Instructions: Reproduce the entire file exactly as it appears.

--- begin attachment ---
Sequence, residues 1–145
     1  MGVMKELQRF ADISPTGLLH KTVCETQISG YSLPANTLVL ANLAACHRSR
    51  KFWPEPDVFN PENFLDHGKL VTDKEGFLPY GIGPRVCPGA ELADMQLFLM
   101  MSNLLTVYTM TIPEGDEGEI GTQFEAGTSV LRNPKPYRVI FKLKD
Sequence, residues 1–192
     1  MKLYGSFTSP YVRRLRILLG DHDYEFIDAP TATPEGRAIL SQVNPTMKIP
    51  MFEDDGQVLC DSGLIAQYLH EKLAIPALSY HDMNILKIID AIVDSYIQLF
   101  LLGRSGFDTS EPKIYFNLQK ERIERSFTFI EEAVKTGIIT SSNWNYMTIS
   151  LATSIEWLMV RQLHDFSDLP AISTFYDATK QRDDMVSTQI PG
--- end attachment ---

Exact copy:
Sequence, residues 1–145
     1  MGVMKELQRF ADISPTGLLH KTVCETQISG YSLPANTLVL ANLAACHRSR
    51  KFWPEPDVFN PENFLDHGKL VTDKEGFLPY GIGPRVCPGA ELADMQLFLM
   101  MSNLLTVYTM TIPEGDEGEI GTQFEAGTSV LRNPKPYRVI FKLKD
Sequence, residues 1–192
     1  MKLYGSFTSP YVRRLRILLG DHDYEFIDAP TATPEGRAIL SQVNPTMKIP
    51  MFEDDGQVLC DSGLIAQYLH EKLAIPALSY HDMNILKIID AIVDSYIQLF
   101  LLGRSGFDTS EPKIYFNLQK ERIERSFTFI EEAVKTGIIT SSNWNYMTIS
   151  LATSIEWLMV RQLHDFSDLP AISTFYDATK QRDDMVSTQI PG